Tuesday 21 January 2020

Crackdown on drugs sparks furious protest by prisoners

Tom Brady Security Editor

A CRACKDOWN on the smuggling of drugs and mobile phones into the country's biggest prison has sparked a furious backlash from inmates.

More than 200 prisoners in two wings of Mountjoy Prison staged a protest against the tougher measures by refusing to return to their cells for over an hour at the weekend.

They were eventually persuaded by staff to call off their action as other officers clad in riot gear were put on standby. However, these officers were not used by the authorities.

The action is expected to be the start of a series of protests as staff prepare for what they call a long hot summer in the Victorian prison.

The supply of drugs into the jail has already been reduced since a stricter regime was implemented by new governor Ned Whelan, who has moved to Mountjoy from the top security jail in Portlaoise.

Mr Whelan replaced the long-serving governor John Lonergan, who retired from the prison service in May.

Another major initiative is being introduced by Mr Whelan this week. It will involve the erection of horizontal security netting enclosing the four exercise yards to stop packages and drug-filled tennis balls being hurled over the perimeter walls to the inmates.

At the moment, the yards are protected by vertical meshing and gardai deploy regular patrols along the banks of the nearby Royal Canal to stop the drug slingshots.


The erection of the heavy netting to seal off the yards is seen as a key move in cutting the supply. It will back up other security measures that are already proving to be effective in combating the smuggling and leading to more seizures.

The cost of the netting project is expected to be in excess of €200,000.

The stand-off on the prison's C and D wings on Saturday is believed to be linked to this week's planned initiative but it is also thought to be connected to complaints by some prisoners about not being allowed direct access to their families during visits.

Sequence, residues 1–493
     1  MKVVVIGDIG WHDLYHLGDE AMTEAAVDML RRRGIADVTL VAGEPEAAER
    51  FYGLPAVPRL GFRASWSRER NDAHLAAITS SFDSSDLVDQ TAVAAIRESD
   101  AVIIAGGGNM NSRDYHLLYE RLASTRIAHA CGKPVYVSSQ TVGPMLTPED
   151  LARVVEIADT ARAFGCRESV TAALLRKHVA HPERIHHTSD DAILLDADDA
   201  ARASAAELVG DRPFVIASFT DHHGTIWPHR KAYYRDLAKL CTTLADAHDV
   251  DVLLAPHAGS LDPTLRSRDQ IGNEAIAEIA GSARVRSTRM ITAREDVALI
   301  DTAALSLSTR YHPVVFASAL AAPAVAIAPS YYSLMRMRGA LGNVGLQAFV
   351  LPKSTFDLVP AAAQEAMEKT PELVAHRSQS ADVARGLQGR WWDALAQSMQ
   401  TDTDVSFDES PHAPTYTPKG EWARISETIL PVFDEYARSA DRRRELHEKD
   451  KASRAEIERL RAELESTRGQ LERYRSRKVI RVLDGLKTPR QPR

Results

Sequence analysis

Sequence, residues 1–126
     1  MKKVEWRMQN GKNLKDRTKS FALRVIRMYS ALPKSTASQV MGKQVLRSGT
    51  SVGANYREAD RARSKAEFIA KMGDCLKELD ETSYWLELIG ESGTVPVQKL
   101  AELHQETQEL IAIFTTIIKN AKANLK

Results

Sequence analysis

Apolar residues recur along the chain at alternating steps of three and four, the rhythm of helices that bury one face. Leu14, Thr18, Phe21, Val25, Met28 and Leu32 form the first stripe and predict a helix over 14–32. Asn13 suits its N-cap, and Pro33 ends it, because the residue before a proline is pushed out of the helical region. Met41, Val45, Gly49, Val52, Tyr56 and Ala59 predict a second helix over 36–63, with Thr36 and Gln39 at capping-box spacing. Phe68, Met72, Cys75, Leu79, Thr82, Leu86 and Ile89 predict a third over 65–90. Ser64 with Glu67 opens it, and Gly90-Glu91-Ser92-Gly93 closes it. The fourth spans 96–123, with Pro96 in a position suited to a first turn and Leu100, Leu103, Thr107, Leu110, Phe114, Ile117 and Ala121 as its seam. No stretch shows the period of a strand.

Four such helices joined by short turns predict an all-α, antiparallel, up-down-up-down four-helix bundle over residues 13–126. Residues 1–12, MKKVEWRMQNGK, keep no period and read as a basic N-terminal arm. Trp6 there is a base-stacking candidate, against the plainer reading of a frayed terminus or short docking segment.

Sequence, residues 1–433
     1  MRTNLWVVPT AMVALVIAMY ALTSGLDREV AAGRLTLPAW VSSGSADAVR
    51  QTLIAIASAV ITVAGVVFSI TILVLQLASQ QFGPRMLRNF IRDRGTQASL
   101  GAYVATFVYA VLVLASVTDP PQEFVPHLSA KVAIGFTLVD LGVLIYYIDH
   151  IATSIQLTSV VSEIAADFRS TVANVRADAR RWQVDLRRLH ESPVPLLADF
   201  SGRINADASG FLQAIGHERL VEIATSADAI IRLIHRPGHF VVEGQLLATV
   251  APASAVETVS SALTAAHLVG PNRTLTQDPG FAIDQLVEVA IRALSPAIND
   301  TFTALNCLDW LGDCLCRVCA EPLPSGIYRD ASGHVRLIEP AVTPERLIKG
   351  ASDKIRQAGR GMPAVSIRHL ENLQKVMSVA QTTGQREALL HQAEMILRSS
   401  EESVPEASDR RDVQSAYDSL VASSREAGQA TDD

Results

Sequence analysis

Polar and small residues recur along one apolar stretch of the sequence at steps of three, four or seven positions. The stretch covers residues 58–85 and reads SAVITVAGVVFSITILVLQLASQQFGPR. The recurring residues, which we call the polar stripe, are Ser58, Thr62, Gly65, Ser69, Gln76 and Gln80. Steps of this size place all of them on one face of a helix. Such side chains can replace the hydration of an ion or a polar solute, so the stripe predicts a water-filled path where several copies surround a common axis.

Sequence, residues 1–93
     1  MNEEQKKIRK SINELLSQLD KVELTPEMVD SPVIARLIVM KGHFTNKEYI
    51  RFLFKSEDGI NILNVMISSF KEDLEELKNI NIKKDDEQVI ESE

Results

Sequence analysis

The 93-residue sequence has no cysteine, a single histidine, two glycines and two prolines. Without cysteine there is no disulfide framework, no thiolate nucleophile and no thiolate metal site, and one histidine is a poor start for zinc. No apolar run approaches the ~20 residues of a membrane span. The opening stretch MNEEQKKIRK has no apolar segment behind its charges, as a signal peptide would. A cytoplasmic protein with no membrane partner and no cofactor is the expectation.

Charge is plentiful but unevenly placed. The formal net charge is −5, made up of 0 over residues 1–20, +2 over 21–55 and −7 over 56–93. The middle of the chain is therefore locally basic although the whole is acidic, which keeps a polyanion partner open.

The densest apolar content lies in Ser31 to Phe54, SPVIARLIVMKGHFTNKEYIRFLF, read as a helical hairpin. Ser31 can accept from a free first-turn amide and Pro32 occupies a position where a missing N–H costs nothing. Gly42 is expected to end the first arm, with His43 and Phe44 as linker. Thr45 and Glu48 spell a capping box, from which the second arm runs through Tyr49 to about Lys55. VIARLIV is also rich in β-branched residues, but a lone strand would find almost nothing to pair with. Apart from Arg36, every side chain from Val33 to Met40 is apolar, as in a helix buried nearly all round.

A number of inmates, who come under suspicion by staff handling the jail's drug dog, are refused physical contact if there are indications that they could have been involved in accepting drugs or other contraband from visitors in the past.

Instead, they have to agree to receive visits behind a screen and in controlled circumstances.

Prison officials last night said nobody was injured in Saturday's incident and staff were able to put the protesters back into their cells without calling in the assistance of their colleagues, who are trained in control and restraint techniques.

In 2009 there were a total of 547 drug seizures in Mountjoy. Staff have made 364 seizures during the first five months of this year.

The authorities have also brought in a database on visitors to all prisons -- the number of which is expected to exceed two million this year.

Visitors are being told they must book their times in advance and provide identification on each trip.

Last year prison officers recorded more than 2.2 million visitors to the prisons, including 615,000 to Mountjoy.

Irish Independent

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